Why a Republic?

A republic is defined primarily two ways.  First, it can simply mean any form of government that is not a monarchy. Second, it can mean a government where the power rests, directly or indirectly, in the citizens.  A democratic republic is one in which the citizens elect representatives who act on their behalf.

Our Founders designed our government to be a democratic republic for a reason.  They threw off the burden of a monarchy where the king had most to all of the power.   Since he wasn’t elected, he was not directly accountable to the people for the use, or misuse, of that power.   But they weren’t so desperate for a say in how government power was used that they would create a democracy either.  In a true democracy (which may surprise some, the United States is not), everyone who votes has an equal say in all legislation.  Fifty-point-oh-one percent is all that is needed to get anything done.  The problem with true democracy is that it is nothing more than mob rule.  The responsibility is spread too broadly to hold anyone accountable.  When stupid laws get passed, you can’t fire (by electing someone else) the clown who passed the law.  In a country of 300 million, 150 million and one could vote to make the other 149,999,999 people their slaves, and that would be the law.  Such a law would be unjust, stupid and cause all sorts of problems, like civil unrest, but it would still be the law.  A quote attributed to Alexander Tytler, Professor of General History at the University of Edinburgh in 1790, and used by Ronald Reagan in a couple of speeches in the 1960s, explains it the best. "A democracy cannot exist as a permanent form of government. It can only exist until the voters discover that they can vote themselves largesse from the public treasury. From that moment on, the majority always votes for the candidates promising the most benefits from the public treasury with the result that a democracy always collapses over loose fiscal policy, always followed by a dictatorship."  Basically, Tytler was saying the same thing.  The majority turns the money making minority into their personal cash cow, which leads to civil unrest, which in turn, requires a dictator to rise to power to deal with societal tension.

A democratically elected republic was, and still is, the best way to distribute the power of government and hold those who hold that power accountable.  The closer we slip to true democracy, the closer we are to losing our freedoms, simply because imperfect people will make imperfect laws.  When you hear an elected politician say the people should decide, it is probably safe to assume what they are really saying is that they do not want to be held accountable for the choices the people elected them to make.  Get them out of office as fast possible – they are more interested in remaining in power, that governing rightly. Part of the genius of a representative democratic republic is that the representatives can be held to account for their actions, but they can also keep the majority from making rash decisions.  If something is truly the will of the people, their representatives’ votes should reflect that; but when the people are not informed of all the facts, or acting irrationally, a representative’s vote should be in the best interest of the nation, not simply the will of the people.  If the Founders had intended that all legislation should reflect the will of the people, they would have created a straight-up democracy.  But they didn’t – they instituted a democratic republic to buffer the legislative process from the fickle passions of the masses.  They intended that representatives deliberate, and thoughtfully consider and debate, all legislation before passing it.  The gargantuan bills that get passed today, in days, rather than months, and that aren’t even read by most legislators before voting is not what they had in mind.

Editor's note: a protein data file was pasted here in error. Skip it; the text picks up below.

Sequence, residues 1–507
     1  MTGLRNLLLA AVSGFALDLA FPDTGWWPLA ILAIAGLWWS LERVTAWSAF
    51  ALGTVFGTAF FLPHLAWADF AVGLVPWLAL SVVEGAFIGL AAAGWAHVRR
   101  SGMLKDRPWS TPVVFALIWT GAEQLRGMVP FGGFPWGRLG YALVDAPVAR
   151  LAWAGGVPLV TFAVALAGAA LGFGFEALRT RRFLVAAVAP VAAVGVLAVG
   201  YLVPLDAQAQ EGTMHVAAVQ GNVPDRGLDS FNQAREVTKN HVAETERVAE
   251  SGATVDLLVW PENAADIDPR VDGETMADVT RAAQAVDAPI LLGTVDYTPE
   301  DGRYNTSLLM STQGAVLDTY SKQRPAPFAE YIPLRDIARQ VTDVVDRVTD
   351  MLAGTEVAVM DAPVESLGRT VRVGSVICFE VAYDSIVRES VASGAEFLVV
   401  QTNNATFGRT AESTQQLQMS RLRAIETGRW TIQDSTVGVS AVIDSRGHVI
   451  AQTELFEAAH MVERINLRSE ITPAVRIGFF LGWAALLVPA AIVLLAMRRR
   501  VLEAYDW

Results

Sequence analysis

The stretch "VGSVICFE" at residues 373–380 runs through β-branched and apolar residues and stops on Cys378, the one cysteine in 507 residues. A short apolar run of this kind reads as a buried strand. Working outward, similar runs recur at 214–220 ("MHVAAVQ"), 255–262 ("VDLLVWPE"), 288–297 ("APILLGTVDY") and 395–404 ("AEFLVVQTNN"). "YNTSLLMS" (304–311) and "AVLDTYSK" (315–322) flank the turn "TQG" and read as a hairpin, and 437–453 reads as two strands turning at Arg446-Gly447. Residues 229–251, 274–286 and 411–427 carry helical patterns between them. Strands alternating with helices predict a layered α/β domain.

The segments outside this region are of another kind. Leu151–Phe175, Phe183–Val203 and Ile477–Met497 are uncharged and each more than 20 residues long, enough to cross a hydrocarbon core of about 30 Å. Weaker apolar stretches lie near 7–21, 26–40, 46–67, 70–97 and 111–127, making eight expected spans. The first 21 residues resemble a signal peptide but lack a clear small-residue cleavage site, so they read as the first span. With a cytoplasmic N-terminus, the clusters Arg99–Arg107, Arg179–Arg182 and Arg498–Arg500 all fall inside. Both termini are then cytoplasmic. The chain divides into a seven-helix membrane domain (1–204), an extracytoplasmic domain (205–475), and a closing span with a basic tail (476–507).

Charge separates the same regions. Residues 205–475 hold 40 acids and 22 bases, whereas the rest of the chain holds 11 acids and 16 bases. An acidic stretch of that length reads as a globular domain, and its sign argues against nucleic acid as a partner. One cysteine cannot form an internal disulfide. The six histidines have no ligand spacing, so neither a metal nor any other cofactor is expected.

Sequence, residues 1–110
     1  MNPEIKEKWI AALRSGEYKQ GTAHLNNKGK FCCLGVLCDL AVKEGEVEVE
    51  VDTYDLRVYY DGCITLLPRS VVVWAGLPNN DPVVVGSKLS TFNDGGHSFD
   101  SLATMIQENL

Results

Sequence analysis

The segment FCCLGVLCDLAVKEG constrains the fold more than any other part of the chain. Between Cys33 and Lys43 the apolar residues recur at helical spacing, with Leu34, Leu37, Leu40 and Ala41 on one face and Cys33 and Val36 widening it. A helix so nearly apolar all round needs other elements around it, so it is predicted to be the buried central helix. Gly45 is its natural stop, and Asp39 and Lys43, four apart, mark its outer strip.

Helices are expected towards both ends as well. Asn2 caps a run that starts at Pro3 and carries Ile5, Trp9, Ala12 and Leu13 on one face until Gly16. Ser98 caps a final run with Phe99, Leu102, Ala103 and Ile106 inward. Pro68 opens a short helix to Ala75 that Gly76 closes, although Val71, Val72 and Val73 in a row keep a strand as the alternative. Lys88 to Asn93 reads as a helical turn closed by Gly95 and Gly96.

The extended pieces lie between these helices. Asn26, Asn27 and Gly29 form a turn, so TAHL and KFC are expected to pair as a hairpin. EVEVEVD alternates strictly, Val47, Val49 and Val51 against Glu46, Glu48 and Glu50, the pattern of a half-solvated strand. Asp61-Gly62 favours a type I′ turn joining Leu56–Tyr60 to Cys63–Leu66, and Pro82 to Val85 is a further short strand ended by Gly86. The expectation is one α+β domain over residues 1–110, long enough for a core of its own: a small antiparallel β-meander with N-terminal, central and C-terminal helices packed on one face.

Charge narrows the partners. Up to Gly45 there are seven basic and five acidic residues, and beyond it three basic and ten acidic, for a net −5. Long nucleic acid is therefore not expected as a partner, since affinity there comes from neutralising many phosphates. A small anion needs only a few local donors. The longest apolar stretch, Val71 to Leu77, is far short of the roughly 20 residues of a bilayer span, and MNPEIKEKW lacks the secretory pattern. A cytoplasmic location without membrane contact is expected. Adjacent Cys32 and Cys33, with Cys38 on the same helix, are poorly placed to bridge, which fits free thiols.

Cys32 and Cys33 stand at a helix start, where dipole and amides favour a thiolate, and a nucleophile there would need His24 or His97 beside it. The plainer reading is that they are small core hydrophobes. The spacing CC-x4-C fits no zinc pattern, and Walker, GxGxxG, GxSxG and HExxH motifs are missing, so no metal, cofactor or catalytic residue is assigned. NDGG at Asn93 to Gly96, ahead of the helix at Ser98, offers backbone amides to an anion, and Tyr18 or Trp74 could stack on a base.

It’s amazing that our government, which was designed to protect rights, and ensure justice and peace, has become the behemoth that it now is with its tentacles in all facets of our lives, in just 234 short years.  Dr. James McHenry recorded for us that at the end of the Constitutional Convention in 1787, Benjamin Franklin was asked what kind of government they had created for us.  His response - “A republic, if you can keep it.”  What did he mean by that?  I think he knew that although a republic is the best form of government, it is fragile and prone to failure as any other, especially if the citizens do not guard against government encroachment.  Alas that too many in this country embrace government intervention and oversight as a means to resolve all of our cultural, social and economic problems. Reagan was so right, when he said in his second inaugural address, that “Government is not the solution to the problem, government is the problem.”  Unfortunately, such a sentiment echoed by a sitting President in 1985, would be enough to label you a right-wing extremist and terrorist suspect in 2009.